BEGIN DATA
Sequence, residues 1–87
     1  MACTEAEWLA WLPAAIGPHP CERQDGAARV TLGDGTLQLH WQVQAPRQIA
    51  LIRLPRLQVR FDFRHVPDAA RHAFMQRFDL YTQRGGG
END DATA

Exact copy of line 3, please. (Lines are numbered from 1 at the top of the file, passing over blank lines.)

    51  LIRLPRLQVR FDFRHVPDAA RHAFMQRFDL YTQRGGG